Around 7:00am Monday morning, I had reason to believe Perram wouldn’t have time to create a 4th level PC for the game. Again using the PRD, I found the 4th level wizard from the NPC Codex and printed them out. When it turned out that yep, Perram had a character, I had one for him ready to go.
The rest of the adventure technically falls under No Prep. This is also misleading because although I didn’t write any of these details down or researching them, I spent a fair amount of time at the con thinking about them. Therefore, these weren’t the results of no prep, just mental prep.
I had no maps, and no details written down about any of the three locations in the adventure.
I had a name in mind for an intriguing set piece that would kick off the adventure, the Wind Swept Library. This library, building and all, would randomly appear in a field, announced only by leather bookmarks blowing in the wind an hour before its arrival. The exact layout or contents of the library were not decided and only existed as I drew maps at the start of the session. This is an area I plan to flesh out a great deal before publishing, but for now the above details are all it needed for the adventure to run as I anticipated.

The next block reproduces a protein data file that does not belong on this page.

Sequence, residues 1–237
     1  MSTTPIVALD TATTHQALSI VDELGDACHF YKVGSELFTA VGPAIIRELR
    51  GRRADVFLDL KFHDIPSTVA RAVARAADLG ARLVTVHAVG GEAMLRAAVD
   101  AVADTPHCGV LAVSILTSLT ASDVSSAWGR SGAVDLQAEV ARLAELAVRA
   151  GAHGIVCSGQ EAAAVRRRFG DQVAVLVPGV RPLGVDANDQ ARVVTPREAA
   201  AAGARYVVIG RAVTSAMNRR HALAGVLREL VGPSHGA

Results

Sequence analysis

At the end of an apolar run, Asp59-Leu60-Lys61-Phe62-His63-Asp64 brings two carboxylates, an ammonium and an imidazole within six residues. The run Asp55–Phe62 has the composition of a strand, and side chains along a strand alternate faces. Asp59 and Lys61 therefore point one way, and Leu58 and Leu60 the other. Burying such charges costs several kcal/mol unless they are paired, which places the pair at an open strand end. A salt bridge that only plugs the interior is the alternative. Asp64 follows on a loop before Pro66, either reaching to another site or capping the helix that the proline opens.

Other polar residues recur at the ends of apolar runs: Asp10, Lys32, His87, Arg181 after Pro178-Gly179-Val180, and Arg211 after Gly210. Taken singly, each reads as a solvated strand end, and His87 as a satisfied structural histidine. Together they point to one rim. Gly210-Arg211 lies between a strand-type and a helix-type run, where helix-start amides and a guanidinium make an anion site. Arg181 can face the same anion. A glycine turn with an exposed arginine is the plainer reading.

The second location was a pretty standard cave that housed the goblins. I knew it’s location relative to the library. That’s all I needed. I wish I’d thought a more clever name for the goblin tribe that lived there.